That verse 9 means more than simply talking about the fact that some should be lost, is seen in the very next verse: “And hast made them unto our God kings and priests.”
In other words, everyone who is the object of the purchase is also effectually made a king and a priest, and surely you’re not going to be universalists are you? No, you know that that is not true. So everyone who has been purchased has also been made a priest and a king, and I won’t say anything more about it. I don’t want your blood to rise, become hot and angry because there are other things that are very important in this great passage, but I want you to think about it. It’s evident then, I think that what John says is harmonious with a particular redemption.
Another observation: the angelic hosts know where to put the crown: they don’t put it on man, but on the Son of Man, our Lord and Savior Jesus Christ.
Ask those angelic hosts how men are saved, and from their own language that they would say, “The glories that men who are saved have are not due to the individuals. They are due to the lamb who was slain,” or if you were to say to the elders and the living creatures, “Where did the faith come from by which this vast multitude was saved? Did it come from them?” they would say, “No a faith did not come from them. It was the gift of God.” For after all the apostle wrote, “No man can call Jesus Lord, but by the Holy Spirit.”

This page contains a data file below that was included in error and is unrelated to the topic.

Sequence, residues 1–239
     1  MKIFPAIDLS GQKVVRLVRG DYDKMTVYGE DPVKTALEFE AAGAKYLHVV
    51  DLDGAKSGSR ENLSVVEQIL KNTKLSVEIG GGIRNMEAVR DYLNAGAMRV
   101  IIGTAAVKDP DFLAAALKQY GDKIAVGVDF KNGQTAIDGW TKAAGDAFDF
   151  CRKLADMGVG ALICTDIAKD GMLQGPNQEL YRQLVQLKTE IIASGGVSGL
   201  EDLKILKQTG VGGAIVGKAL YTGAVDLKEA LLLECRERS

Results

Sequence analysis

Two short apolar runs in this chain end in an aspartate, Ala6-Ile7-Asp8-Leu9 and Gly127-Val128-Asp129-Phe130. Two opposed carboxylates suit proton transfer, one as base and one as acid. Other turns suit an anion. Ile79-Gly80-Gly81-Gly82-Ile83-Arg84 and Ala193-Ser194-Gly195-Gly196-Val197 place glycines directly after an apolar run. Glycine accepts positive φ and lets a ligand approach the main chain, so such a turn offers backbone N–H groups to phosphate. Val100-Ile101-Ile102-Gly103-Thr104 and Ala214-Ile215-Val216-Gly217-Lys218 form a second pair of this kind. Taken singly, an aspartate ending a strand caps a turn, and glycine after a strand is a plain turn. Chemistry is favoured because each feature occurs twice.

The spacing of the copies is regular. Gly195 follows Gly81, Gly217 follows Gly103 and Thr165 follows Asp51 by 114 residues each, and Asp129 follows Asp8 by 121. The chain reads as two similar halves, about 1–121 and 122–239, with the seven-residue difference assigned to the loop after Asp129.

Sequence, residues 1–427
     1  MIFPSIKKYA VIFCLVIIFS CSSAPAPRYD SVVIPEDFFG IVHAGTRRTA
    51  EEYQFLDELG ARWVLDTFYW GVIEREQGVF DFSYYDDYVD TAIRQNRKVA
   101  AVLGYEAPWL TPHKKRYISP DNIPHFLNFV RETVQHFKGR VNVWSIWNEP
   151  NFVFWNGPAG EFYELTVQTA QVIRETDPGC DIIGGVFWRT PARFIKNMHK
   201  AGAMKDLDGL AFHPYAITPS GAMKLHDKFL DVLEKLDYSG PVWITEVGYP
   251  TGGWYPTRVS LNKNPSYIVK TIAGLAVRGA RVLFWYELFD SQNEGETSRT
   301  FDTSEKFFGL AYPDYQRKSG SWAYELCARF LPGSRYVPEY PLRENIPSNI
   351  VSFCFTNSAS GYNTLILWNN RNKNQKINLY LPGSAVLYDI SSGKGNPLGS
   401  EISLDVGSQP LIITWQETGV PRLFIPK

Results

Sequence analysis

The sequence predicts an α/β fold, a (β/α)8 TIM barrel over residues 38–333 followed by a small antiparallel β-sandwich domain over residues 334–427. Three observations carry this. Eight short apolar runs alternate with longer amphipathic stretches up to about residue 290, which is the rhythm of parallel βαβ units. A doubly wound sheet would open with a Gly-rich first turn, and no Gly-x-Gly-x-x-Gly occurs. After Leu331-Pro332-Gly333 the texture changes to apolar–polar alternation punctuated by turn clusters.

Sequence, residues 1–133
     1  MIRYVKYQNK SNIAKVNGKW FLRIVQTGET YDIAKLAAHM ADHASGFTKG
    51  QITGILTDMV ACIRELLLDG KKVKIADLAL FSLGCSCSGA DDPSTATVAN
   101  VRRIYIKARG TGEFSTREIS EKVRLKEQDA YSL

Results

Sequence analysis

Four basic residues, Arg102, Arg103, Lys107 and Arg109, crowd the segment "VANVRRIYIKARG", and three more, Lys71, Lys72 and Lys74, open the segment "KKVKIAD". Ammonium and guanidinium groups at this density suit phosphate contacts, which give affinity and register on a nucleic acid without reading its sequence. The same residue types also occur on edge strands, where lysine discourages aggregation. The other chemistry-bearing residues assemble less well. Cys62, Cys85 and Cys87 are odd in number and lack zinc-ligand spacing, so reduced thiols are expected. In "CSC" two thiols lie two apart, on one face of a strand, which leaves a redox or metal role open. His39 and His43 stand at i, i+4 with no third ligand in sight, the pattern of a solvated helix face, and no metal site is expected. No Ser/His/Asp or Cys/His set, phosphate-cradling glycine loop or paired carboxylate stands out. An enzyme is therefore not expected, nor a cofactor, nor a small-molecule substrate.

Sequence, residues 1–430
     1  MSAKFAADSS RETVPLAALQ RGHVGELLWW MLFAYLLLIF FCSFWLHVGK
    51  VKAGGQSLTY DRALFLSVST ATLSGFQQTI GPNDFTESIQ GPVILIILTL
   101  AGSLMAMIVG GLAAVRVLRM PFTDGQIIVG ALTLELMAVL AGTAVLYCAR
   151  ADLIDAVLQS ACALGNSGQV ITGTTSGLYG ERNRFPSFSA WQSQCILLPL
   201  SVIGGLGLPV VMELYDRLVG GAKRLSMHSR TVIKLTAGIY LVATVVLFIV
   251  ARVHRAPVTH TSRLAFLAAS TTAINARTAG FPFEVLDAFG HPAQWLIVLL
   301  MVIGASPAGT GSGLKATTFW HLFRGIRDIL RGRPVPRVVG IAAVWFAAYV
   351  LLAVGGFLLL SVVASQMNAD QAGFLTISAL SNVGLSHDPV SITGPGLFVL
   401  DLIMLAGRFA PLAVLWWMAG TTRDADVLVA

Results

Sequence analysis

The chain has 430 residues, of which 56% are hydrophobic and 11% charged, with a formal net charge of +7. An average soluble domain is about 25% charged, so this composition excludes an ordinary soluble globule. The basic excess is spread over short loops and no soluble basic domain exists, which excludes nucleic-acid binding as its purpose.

From my recent Spurgeon reading comes this interesting story: a possibly greater motive, for wives with unbelieving husbands, than the words of 1 Peter 3:1-4:
We have heard of a wife, a godly woman, who for 20 years had been persecuted by a brutal husband—a husband so excessively bad that her faith at last failed her, and she ceased to be able to believe that he would ever be converted. But all this while she was more kind to him than ever. One night, at midnight, in a drunken state, he told his friends he had such a wife as no other man had; and if they would go home with him, he would get her up, to try her temper, and she would get a supper for them all! They came and the supper was very soon ready, consisting of such things as she had prepared as well and as rapidly as the occasion would allow; and she waited at the table with as much cheerfulness as if the feast had been held at the proper time! She did not utter a word of complaint. At last, one of the company, more sober than the rest, asked how it was she could always be so kind to such a husband. Seeing that her conduct had made some little impression, she ventured to say to him, “I have done all I can to bring my husband to God, and I fear he will never be saved. Since, therefore, his portion must be in Hell forever, I will make him as happy as I can while he is here, for he has nothing to expect hereafter.”